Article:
You may have made a will – but is it out of date? Here Will Aid campaign director Peter de Vena Franks explains why amendments to your existing document might be required.
More than 46% of people who made a will five years ago have had a change in circumstances that might influence their wishes, a Will Aid poll has found.
In a study carried out by our team, we asked participants if they had anything life changing happen to them since they put together their will.
Almost half said they had, listing becoming a parent, grandparent, losing a partner, getting divorced or separated, inheriting assets or getting married as reasons why the document was no longer up to date.
When it goes wrong
The importance of keeping your will up-to-date was underlined by a recent court case.
Norman Martin died in 2012 leaving his £320,000 house to his long-estranged wife, Norma Martin instead of to Joy Williams, his partner of 18 years.
He had failed to update his will following his split and Williams was forced into a long, stressful court battle.
Despite winning the claim, Ms Williams urged other people to ensure their financial matters are in order and up to date.
Speaking to media after the case, she said: “I am relieved and delighted that this case is finally over because it has taken a huge toll on me and my family.
“I was with Norman for 18 years and those were very happy times. I loved him, he loved me and I still treasure his memory.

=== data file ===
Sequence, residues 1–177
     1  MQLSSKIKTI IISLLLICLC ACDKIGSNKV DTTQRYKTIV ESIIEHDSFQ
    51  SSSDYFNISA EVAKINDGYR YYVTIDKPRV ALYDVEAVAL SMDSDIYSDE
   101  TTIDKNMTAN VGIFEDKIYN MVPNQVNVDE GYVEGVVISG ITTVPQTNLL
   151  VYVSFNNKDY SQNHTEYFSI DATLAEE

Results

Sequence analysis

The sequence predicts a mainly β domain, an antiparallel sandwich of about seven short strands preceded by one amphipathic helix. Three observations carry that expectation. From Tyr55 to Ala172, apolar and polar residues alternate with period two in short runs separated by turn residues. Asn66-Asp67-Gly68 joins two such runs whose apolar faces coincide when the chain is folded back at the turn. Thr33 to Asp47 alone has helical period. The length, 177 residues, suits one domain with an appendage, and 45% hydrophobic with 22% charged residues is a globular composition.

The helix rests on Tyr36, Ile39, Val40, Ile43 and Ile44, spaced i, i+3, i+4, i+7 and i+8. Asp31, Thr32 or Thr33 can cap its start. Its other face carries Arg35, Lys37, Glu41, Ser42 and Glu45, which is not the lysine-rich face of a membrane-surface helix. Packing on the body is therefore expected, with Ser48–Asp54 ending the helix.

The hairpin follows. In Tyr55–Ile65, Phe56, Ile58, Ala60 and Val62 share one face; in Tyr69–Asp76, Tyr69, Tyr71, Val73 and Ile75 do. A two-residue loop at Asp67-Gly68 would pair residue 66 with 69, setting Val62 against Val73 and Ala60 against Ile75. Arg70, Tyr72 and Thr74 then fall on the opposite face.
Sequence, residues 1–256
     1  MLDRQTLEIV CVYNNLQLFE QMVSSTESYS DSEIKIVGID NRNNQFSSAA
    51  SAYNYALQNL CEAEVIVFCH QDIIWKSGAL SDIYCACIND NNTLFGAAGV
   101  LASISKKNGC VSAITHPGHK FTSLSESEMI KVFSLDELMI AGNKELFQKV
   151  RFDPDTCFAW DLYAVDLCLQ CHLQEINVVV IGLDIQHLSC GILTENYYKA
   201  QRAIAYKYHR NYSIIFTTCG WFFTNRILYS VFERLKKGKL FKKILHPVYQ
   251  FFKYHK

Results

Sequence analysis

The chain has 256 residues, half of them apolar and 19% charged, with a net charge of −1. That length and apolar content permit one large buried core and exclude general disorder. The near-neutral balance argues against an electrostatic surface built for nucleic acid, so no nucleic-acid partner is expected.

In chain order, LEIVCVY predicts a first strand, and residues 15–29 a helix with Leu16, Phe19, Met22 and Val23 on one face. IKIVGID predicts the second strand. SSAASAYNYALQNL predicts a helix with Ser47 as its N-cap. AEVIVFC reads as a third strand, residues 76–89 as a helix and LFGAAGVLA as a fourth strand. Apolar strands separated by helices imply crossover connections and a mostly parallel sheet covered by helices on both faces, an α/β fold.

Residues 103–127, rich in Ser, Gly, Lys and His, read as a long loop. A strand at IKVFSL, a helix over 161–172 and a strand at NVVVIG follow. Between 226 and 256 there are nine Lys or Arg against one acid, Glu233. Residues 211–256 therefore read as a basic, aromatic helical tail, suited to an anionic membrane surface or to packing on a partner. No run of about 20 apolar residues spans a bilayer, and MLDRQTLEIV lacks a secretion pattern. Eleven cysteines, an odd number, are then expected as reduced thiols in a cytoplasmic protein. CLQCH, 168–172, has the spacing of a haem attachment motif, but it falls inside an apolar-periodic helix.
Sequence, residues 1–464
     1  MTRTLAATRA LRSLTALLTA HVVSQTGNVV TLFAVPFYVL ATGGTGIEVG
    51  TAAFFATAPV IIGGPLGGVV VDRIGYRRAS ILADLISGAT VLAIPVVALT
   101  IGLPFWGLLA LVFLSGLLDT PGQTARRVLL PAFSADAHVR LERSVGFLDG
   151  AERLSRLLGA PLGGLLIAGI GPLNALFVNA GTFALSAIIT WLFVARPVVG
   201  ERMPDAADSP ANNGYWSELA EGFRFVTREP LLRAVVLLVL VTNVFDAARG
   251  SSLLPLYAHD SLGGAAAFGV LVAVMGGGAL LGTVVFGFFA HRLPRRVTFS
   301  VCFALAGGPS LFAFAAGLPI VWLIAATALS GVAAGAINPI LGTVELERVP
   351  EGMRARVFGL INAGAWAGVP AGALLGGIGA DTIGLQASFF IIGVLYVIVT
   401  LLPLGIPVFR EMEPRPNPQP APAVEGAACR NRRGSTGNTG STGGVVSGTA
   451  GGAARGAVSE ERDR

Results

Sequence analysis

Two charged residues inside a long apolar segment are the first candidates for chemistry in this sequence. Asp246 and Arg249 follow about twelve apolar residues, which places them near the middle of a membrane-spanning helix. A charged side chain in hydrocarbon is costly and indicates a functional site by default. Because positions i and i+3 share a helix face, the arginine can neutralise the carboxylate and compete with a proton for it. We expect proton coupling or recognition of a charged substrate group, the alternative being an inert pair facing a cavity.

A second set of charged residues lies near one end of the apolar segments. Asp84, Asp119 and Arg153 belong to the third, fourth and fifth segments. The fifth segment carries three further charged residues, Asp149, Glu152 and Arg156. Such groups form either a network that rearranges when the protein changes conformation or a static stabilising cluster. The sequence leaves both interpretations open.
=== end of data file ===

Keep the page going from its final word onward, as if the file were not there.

“All I wanted was for the court to recognise that I needed to have his share of the house that was our home to provide me with some security for my future and this judgement has done just that.
“I believe that that is what Norman would have wanted for me.”
She added: “What has been traumatic for me is that this level of serious relationship is not currently recognised by the law.
“I hope my situation raises awareness for others to consider their own financial position in relation to their partner and consider whether they need to take advice to protect their each other in future.”
Make it count
This case highlights not only the importance of having a will, but keeping it up to date.
Situations and circumstances are constantly changing, and it is essential that your will is updated periodically to reflect these changes.
Some of these important considerations include:
- Changes to your family or loved ones, such as the birth of grandchildren, a divorce or a marriage, and the coming of age of children.
- Changes in assets, such as properties, businesses, or retirement plans.
- Changes to your location.
- Changes in estate and tax law so you can ensure that you are able to get the most out of your will.
- Changes in personal circumstances. You might want to include specific wishes on your funeral for example. Or perhaps you want to change the executor of your will to reflect changes in relationships.
Will Aid works
Will Aid is not just an opportunity for people without wills to make ones. It’s also a chance to review an old will and create a new one.
Since your will, which protects your most important assets after death, is one of the most important legal documents that you sign, the benefits of keeping it up-to-date far outweigh the inconvenience of the updating process
To find your nearest solicitor, visit our appointment page.